Google announced this week that it will update its Phone app for Android to automate emergency calls in the United States.
“A quick, informative conversation with an operator during an emergency call is critical, but in some cases, people are unable to verbally communicate, whether they’re injured, in a dangerous situation or have a speech impairment,” Google’s Paul Dunlop explains. “Soon, you’ll be able to share information about the assistance you require, along with your location, to the emergency operator without speaking.”
This capability will be U.S.-only at first, and it will become available in Google’s Phone app on Pixel and a select but unidentified list of other Android phones. Google says that it will provide “Medical,” “Fire” and “Police” buttons during an emergency call to 911 that will convey the type of emergency to the operator. The information is stored on the device, so it will work even if you don’t have a data connection.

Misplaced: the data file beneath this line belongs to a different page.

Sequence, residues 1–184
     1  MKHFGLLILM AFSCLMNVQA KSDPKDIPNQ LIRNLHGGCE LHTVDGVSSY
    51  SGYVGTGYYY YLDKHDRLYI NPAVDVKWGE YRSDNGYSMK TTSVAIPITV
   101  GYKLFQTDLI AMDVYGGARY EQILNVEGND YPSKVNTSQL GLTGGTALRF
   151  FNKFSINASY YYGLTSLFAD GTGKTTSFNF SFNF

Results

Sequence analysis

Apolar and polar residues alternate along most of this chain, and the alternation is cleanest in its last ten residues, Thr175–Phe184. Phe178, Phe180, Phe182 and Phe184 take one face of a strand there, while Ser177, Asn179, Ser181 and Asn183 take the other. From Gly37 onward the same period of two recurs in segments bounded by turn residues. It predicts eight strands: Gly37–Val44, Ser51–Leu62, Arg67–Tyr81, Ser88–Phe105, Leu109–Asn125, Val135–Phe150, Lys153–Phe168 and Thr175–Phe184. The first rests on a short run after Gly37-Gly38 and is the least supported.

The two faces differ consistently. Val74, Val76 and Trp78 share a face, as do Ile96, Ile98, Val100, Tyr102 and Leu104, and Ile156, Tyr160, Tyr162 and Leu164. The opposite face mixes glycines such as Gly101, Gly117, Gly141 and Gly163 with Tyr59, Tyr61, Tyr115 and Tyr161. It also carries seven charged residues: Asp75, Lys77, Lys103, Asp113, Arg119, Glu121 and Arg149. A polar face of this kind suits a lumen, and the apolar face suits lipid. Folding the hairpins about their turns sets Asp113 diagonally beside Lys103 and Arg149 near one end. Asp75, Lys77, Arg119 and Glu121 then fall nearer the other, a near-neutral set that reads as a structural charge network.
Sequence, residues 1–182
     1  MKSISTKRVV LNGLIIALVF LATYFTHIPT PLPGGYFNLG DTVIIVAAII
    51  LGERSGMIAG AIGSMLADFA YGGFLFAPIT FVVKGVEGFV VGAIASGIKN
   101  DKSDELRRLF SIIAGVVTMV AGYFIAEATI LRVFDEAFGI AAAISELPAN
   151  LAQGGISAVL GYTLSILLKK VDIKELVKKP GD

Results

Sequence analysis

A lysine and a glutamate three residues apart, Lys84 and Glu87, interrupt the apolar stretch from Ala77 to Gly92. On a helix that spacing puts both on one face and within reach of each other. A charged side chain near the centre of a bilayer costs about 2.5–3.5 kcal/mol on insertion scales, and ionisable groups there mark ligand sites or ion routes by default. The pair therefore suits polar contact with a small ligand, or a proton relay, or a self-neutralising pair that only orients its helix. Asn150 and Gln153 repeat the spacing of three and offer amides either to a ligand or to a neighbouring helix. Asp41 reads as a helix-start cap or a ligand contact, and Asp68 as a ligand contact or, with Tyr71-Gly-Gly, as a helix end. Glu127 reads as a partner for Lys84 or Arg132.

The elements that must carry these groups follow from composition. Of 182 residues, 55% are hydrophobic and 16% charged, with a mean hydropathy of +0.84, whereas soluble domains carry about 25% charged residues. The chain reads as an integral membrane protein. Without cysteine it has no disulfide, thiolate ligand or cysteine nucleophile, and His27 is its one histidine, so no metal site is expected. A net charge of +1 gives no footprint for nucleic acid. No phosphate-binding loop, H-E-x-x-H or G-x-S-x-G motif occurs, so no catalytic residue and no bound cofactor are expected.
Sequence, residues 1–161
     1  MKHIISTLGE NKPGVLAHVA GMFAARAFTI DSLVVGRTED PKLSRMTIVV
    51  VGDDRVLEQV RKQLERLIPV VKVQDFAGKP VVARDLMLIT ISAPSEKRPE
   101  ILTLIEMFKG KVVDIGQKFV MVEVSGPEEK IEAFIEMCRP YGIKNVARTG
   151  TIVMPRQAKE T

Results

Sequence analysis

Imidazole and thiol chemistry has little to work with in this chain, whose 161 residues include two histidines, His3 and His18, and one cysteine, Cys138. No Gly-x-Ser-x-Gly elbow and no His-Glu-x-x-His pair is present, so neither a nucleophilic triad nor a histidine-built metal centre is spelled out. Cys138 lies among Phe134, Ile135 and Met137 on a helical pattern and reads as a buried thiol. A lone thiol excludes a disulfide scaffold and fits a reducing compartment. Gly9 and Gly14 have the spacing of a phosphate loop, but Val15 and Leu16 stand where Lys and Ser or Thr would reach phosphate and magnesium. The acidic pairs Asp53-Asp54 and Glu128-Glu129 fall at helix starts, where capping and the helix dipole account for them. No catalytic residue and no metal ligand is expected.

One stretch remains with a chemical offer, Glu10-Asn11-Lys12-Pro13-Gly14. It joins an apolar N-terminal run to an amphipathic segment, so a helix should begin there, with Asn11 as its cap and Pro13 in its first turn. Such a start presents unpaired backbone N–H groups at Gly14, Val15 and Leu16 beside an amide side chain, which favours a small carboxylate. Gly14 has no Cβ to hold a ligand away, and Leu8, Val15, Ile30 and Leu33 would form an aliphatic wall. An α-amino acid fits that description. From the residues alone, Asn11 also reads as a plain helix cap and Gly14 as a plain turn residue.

“Your location, which comes from your phone’s GPS, is often already shared with the operator when you make a 911 call,” Dunlop continues. “This new feature provides similar location information through the automated voice service, along with the caller’s plus code, which is another reliable way to help emergency services accurately locate them. Like the rest of the content shared with the operator using this feature, your location stays between them and emergency services.”
Google says the new service will roll out in the coming months, starting with Pixel phones.